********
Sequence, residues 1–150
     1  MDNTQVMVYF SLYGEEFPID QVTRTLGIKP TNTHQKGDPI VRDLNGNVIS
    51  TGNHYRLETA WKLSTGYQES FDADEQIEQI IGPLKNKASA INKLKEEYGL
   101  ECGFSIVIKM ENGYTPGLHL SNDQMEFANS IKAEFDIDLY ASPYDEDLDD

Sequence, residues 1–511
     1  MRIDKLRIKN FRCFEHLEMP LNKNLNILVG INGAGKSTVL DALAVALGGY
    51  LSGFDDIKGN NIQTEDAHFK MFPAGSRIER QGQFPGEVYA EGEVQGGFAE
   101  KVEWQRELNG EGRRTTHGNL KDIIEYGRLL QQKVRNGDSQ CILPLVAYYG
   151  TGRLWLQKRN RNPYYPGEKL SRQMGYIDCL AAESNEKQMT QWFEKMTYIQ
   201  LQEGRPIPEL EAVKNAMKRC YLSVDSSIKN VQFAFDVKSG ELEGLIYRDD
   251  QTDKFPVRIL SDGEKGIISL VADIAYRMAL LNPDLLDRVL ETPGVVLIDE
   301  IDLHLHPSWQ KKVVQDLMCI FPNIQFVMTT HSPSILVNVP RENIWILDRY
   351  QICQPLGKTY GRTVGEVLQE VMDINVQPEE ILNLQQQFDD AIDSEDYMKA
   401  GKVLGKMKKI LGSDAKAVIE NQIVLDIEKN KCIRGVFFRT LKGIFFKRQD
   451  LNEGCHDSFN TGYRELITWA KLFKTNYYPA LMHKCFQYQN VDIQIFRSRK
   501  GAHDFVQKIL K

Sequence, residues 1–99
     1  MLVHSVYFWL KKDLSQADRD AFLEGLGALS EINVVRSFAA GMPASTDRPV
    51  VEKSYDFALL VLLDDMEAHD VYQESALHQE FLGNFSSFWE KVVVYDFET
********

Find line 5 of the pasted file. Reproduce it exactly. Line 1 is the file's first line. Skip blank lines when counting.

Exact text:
Sequence, residues 1–511